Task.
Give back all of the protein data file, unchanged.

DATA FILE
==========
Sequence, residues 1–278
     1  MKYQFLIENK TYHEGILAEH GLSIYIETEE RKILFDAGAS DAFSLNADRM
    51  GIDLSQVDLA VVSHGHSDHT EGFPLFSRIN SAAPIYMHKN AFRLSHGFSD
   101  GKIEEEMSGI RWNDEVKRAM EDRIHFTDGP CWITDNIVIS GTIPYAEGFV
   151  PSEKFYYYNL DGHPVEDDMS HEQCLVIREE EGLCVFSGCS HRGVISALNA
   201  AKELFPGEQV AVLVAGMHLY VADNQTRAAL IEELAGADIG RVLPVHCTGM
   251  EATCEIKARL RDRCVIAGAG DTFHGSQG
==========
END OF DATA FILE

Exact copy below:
Sequence, residues 1–278
     1  MKYQFLIENK TYHEGILAEH GLSIYIETEE RKILFDAGAS DAFSLNADRM
    51  GIDLSQVDLA VVSHGHSDHT EGFPLFSRIN SAAPIYMHKN AFRLSHGFSD
   101  GKIEEEMSGI RWNDEVKRAM EDRIHFTDGP CWITDNIVIS GTIPYAEGFV
   151  PSEKFYYYNL DGHPVEDDMS HEQCLVIREE EGLCVFSGCS HRGVISALNA
   201  AKELFPGEQV AVLVAGMHLY VADNQTRAAL IEELAGADIG RVLPVHCTGM
   251  EATCEIKARL RDRCVIAGAG DTFHGSQG